6 simple ways to save money on textbooks
Textbooks are a essential university purchase but they can be extremely expensive. Luckily, our friends from Save the Student are here to help you save with six amazing tips!
1. Don’t buy everything on the reading list
Buying books can make a serious dent in your Student Loan – but it’s not as painful as ending the year realising you didn’t need them all! Try to get recommendations from students who’ve already done a module or course about which titles you’ll use the most. Keep an eye on sales lists as well: if everyone dumps their copy of Data Visualisation for Super Nerds asap, it may not be that good a read.
2. Buy (and sell) secondhand
With books setting students back around £30/month, compulsory reading isn’t cheap. Keeping an eye on ways to make money can help claw the cost back.
Buying pre-read keeps costs down from the start: check local charity shops, second-hand stores, or the sales shelf in high street retailers. Looking online expands your reach, especially if you need particular editions – just compare prices and condition across different sites, as it’s easy to pay over the odds.
Whether you buy brand new or pre-loved, keep in mind you’ll have to get rid at some point – so condition is key. Avoid buying really tatty or defaced copies, and look after the ones you do buy: you’ll make more when it’s time to sell them.
Keep an eye on publication dates, too. Some technical books are regularly updated, so buying a cheaper but dated copy might lack new info, and could make it harder to sell later on.
3. Beg, borrow or photocopy
Don’t just clock the title when you get reading lists: if you only need a few pages or couple of chapters, borrow the book from another student or photocopy the bits you need.
Next hit the library, but be realistic: getting the book you want (or keeping hold of it once it’s recalled) can be tricky during peak demand. Try to finish your reading the week before a topic comes up, and don’t leave essays until the last minute!
Don’t overlook local libraries, either. While you may need to pay a couple of quid to order a specialist title, don’t just assume yours isn’t in stock – chances are another student may already have put in a request.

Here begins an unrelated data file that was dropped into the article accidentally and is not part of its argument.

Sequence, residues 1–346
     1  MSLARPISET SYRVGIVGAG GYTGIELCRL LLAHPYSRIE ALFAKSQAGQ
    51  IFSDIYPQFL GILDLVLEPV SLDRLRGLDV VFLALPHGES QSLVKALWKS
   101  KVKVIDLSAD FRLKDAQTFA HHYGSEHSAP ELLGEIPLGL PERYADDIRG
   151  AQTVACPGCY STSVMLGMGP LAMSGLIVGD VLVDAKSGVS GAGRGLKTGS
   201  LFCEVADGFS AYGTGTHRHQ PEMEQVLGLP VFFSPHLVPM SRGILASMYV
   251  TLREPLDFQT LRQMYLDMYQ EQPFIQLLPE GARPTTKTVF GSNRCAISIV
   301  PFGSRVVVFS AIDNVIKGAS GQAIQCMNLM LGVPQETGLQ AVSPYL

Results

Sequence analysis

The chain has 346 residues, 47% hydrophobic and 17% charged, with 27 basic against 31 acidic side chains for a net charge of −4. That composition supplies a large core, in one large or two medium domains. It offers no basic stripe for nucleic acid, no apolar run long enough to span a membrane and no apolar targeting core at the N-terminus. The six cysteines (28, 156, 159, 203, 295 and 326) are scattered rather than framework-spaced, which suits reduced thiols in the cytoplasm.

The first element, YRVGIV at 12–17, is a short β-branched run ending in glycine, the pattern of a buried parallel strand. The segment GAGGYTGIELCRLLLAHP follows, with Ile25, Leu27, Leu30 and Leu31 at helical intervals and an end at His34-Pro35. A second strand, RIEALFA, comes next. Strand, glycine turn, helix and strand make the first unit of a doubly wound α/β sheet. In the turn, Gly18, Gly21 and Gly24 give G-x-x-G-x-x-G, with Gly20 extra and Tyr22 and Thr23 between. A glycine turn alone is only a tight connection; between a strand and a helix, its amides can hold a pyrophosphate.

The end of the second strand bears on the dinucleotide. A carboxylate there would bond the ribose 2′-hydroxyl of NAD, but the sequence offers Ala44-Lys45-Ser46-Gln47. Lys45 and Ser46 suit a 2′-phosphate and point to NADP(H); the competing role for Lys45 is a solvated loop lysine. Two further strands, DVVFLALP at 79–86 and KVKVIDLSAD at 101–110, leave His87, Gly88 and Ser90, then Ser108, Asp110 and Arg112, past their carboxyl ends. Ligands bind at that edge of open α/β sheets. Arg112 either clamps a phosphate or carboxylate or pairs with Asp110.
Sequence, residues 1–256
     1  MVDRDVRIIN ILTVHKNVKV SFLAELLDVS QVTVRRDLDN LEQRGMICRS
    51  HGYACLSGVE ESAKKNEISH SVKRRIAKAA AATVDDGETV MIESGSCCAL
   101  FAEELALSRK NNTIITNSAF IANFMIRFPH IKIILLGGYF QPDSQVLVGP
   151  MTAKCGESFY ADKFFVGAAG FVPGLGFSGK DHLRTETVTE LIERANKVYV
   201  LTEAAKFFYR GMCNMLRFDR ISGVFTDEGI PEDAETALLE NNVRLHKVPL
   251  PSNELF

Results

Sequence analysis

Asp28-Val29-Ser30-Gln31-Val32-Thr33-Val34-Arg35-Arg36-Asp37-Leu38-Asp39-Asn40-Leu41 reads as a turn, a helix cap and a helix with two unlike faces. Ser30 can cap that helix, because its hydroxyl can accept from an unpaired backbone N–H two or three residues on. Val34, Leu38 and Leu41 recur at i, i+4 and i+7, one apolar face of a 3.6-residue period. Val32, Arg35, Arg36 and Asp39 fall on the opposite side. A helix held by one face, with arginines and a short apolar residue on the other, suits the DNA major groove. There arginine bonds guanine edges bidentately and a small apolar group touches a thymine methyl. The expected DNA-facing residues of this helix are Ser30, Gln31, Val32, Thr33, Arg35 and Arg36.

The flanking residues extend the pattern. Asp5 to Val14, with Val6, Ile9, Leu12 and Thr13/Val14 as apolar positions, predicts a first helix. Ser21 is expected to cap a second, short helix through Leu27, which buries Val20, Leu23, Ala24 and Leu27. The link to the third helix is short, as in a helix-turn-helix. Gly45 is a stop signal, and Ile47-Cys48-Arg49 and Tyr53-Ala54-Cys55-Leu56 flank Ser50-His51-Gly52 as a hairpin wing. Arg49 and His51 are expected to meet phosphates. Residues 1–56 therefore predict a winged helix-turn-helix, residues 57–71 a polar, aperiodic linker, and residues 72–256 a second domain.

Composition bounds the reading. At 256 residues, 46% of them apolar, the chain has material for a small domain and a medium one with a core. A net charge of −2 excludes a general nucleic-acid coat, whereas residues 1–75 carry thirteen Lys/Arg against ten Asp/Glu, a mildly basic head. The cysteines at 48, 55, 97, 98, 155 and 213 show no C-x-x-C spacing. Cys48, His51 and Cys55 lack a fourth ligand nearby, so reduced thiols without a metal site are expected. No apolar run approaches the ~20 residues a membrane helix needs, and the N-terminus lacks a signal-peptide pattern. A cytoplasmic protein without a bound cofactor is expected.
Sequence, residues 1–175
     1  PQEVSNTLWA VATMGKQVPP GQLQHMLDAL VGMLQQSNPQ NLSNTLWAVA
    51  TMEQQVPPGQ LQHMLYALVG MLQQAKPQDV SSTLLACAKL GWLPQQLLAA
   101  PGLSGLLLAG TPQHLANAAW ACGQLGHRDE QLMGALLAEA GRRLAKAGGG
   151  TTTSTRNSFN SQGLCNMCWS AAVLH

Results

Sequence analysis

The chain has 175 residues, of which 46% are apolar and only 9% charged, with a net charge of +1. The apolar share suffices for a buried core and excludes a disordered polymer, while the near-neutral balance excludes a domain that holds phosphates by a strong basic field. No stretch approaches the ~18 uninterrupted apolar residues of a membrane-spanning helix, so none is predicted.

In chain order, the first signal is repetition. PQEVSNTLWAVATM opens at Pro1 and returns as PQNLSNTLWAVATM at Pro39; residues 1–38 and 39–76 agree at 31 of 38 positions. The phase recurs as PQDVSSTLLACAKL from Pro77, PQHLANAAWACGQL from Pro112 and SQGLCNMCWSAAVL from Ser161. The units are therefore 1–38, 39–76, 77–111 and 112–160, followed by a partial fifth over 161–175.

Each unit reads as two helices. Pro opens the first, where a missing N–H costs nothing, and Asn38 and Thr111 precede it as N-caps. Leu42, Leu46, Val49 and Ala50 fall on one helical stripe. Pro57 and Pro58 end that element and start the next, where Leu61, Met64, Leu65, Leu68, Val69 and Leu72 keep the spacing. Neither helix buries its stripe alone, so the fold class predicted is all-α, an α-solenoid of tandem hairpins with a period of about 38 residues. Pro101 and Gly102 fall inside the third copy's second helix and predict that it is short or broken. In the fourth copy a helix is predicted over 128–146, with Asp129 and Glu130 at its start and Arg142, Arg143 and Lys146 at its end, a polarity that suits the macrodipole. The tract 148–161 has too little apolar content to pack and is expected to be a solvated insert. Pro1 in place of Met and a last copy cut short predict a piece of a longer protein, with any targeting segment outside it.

Heads-up: late fees or running out of reading time will have you kicking yourself. Make a reading schedule and set phone reminders for due dates – then stick to both.
4. Read for free
Scoring free books can be done, though it takes patience and luck, and works best on digital editions.
Definitely worth a snoop: Google Books. While you always can’t view the whole book online, you may be able to see enough to reference the pages or chapter on your reading list.
Project Gutenberg has around 60,000 books to read online or to download, though it’s best for classic and out-of-print titles as they only cover public domain works.
Finding print titles for free is harder. You might find the titles you need listed as giveaways on Freecycle or Gumtree, though this is where the luck comes in!
5. Club together or share books
Sharing the cost of books can save a small fortune, but you’ll need a plan if you’re to avoid arguments and seething resentment. Firstly, sharing won’t work for core texts (the ones you always need on hand, or might want to scribble on or stick notes in). For everything else, split up the reading list so you’re not doubling up on texts, then work out who gets what book when.
Want to bubble-wrap the process? Try to co-opt students doing your modules earlier or later in the year to avoid scrapping over reading rights.
6. Get a bigger discount on new books
Buying from campus book stores, and using your student discount everywhere else, means never having to pay full-price for reading material. There are a couple of other tactics worth trying!
If your tutor’s own books ‘just happen’ to be on the reading list, ask if they’ll order cost-price or discounted author copies for you straight from their publisher. Alternatively, round-up other students on your course and form a book club – then ask if local book shops can do you a bigger discount for buying copies in bulk.
However you get on, compare prices and discounts across a few stores. A 10% discount won’t feel like a steal if you could have paid half price without a discount somewhere else. Always do the legwork up front if you’re serious about keeping costs as low as possible.
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